Now that you have your equipment ready for your first trip on the ice, it’s time to decide what will lure the big fish to the end of your line.
The traditional method of using bait is time tested for success. New to the ice fishing game is the use of jigs and small lures. You may select to use a combination of both.
When you choose to use a tip up, bait rules the day. There is a myriad of bait choices one can use.
Worms, night crawlers, shiners or suckers lead as choices in the live bait category. Fishing these baits is similar to open water fishing. Thread your hook with your live bait of choice and drop the bait into your hole. Keep adjusting the depth of your bait until fish are found.
Live bait is not easy to find here in the valley. Silver Lake Home Center in Madison is one source for live bait. Ossipee Bait and Tackle has suckers up to 2 feet and a variety of shiners. Early in the season, it also has crawfish as well. Choose the bait to meet the quarry you are trying to catch.
If you don’t have a bait bucket, or these two establishments are a little out of the way, packaged bait can be used. The Berkley Co. makes a wide assortment of packaged baits from trout nuggets to earthworms to minnows. These baits have an indefinite shelf life and are stored in easy-to-carry jars.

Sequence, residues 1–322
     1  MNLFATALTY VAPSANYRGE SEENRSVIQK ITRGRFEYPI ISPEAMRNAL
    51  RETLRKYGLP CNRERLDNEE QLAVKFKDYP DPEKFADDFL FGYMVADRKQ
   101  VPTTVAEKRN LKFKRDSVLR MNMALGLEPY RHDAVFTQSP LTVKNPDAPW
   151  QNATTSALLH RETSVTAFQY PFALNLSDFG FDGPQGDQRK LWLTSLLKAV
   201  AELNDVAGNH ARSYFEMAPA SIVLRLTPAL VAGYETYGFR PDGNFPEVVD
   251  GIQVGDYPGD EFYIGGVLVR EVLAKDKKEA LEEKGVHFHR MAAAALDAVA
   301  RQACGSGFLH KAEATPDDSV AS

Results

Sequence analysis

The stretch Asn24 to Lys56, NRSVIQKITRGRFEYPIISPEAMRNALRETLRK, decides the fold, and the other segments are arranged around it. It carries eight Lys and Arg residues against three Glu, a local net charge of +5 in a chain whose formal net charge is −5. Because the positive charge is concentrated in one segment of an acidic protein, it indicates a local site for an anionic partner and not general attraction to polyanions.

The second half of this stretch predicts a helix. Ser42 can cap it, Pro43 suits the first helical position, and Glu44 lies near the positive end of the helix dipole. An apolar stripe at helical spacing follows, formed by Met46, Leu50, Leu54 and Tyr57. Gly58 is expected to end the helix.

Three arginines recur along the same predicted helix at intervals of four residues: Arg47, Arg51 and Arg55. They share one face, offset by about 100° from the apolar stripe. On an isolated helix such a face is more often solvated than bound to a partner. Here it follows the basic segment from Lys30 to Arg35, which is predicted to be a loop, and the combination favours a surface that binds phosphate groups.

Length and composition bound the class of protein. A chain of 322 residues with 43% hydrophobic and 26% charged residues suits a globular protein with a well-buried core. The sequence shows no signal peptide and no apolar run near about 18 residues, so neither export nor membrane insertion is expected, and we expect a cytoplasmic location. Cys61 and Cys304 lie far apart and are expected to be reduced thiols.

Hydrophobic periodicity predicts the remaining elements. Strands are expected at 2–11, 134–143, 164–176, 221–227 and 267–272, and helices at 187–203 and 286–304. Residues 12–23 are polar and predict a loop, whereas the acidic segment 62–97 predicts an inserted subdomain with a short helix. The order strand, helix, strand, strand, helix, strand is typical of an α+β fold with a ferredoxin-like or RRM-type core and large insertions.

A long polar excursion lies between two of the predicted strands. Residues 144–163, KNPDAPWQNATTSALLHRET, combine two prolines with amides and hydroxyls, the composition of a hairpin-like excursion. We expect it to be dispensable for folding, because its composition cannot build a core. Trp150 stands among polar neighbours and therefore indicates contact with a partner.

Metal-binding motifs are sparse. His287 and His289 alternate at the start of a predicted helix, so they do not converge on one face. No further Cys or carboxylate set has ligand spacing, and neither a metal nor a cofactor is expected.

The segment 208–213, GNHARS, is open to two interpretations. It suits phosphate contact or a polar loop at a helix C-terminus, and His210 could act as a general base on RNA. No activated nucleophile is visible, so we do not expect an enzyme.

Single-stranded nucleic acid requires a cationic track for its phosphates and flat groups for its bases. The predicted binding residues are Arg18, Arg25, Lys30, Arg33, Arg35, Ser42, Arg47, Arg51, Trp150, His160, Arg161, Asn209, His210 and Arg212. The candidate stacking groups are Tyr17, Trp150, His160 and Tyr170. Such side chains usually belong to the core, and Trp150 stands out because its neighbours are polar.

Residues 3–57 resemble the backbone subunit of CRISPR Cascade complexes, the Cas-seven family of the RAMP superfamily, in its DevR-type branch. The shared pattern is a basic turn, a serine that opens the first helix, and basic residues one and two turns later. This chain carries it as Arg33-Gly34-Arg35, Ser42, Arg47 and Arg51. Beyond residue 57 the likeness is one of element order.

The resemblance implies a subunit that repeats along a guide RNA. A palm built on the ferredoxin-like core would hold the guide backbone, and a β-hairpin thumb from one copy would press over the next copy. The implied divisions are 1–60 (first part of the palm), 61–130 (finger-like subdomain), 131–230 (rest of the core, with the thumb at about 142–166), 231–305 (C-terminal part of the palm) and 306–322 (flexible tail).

Such bait can be a lighter density than water. Add a lead free sinker six inches above your bait to get the bait to the depth that you need.
If you elect to jig for your fish, lures and jigs will bring fish to hand. Lindy makes a great line of ice fishing jigs. The Frostee, the Darter, the Ice Jig are favorites here in the valley. A tried and true jig lure is the Swedish Pimple. This jig comes in a variety of colors. Gold, copper, fluorescent orange and red are effective colors here.
Rarely tried but a very effective lure to use jigging is the Daredevil. This old-school lure is now manufactured in a 1/16th ounce size, making it ideal for jigging.
The Daredevil is known for its red-and-white stripes, but it is now made in a variety of colors. Try the chartreuse with hot orange spots. It’s killer on schools of perch.
The beauty of jigging is that you can combine jigs with bait. Add a piece of Berkley earthworm to the hook of your Swedish Pimple. Add a piece of sucker meat to your Daredevil. Hook a shiner through the lips with your Ice Jig. The combination of flash with the added “smell” of live bait can be an irresistible combination. When you find a combination that works, stick with it. The right combination will make it a memorable day on the ice.
A word about salmon eggs. Salmon eggs are another bait used for ice fishing. Salmon eggs are a packaged bait and are available in a variety of colors. Orange, yellow, pink and red are just a few of the colors that are available. Salmon eggs are a productive bait for salmonids. You can place three or four on a hook or a single egg on your jig.
Tip of the Week
When trying to ice fish a new water, consider hiring a guide. A guide knows the locations for fish and what baits or jigs they are taking at the time.
Steve Angers is a native son to the Conway area. He has been consumed by fishing since catching his first wild brook trout at the base of Champney Falls.